Stationery items widely used by school children, text books, branded ready-made garments and jewellery, treatment in private hospitals, air travel and lawyer fees will become costlier following the tax proposals in 2011-12 Budget.
The proposals made by Finance Minister Pranab Mukherjee also mean that ready-to-eat food items, such as ketchups, soups, 'mudis' (puffed rice), coffee and tea mixes, flavoured milk, supari will be dearer as they will now attract higher excise duty.
The Budget has, however, made some items, including raw materials for syringe and needles, mobile parts and accessories like hands free headphones, incense sticks, sanitary nakpins and diapers, cheaper by reducing taxes.
According to the budgetary proposals, notebooks and exercise books, which were earlier exempted from excise duty will now attract one per cent duty without CENVAT credit facility. Moreover, a general effective rate of 5 per cent has been prescribed for these items and facilities.
Similarly, fountain pen ink, ball pen ink, geometry boxes, colour boxes and pencil sharpeners will also now attract a similar levy.
Educational text books are also expected to become costlier as paper used in printing them will no longer be exempted from excise duty.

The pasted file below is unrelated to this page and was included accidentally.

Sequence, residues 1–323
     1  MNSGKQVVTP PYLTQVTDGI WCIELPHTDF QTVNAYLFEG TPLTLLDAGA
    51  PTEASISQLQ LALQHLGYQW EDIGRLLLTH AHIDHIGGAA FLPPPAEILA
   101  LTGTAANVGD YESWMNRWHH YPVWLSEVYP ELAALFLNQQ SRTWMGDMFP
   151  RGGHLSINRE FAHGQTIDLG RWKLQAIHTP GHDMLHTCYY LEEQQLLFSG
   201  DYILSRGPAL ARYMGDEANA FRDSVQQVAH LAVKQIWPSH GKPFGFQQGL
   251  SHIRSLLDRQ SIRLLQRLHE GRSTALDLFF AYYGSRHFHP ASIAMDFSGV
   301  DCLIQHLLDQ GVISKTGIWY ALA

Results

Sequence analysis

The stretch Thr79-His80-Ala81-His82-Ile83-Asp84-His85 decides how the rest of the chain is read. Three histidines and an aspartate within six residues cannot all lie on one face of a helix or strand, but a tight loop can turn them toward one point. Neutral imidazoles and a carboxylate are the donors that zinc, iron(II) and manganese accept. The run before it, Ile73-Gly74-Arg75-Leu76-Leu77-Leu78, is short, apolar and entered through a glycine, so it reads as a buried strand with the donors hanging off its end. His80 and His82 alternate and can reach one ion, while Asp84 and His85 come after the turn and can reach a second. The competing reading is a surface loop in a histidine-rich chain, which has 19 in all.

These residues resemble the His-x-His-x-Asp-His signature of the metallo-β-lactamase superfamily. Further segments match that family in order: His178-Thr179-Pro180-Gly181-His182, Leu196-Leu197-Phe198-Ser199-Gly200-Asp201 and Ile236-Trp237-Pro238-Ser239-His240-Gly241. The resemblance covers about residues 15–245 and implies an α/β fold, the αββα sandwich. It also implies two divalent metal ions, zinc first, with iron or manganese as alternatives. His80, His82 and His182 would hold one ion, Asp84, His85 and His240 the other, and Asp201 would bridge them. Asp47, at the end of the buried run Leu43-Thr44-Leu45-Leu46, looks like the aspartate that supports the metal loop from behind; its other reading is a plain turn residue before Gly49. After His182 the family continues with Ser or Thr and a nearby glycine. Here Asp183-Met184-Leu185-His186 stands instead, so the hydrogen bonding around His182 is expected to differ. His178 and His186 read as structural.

Vaccines, other than those included in National Immunisation Programme, will also register an increase as they will attract a concessional duty of one per cent without CENVAT credit facility.
Branded readymade garments will also become expensive as they will attract 10 per cent excise duty. Labelled jewellery will burn a deeper hole in the pockets as they will now attract one per cent excise duty.
With the Finance Minister proposing changes in service tax band, treatment in air-conditioned private hospitals, air travel and lawyer fees will cost more henceforth.
The government has proposed to put all forms of payments -- by individuals, insurance firms and business houses, for treatment in private hospitals with more that 25 beds and air conditioning facility under the service tax net resulting in an effective tax of five per cent. .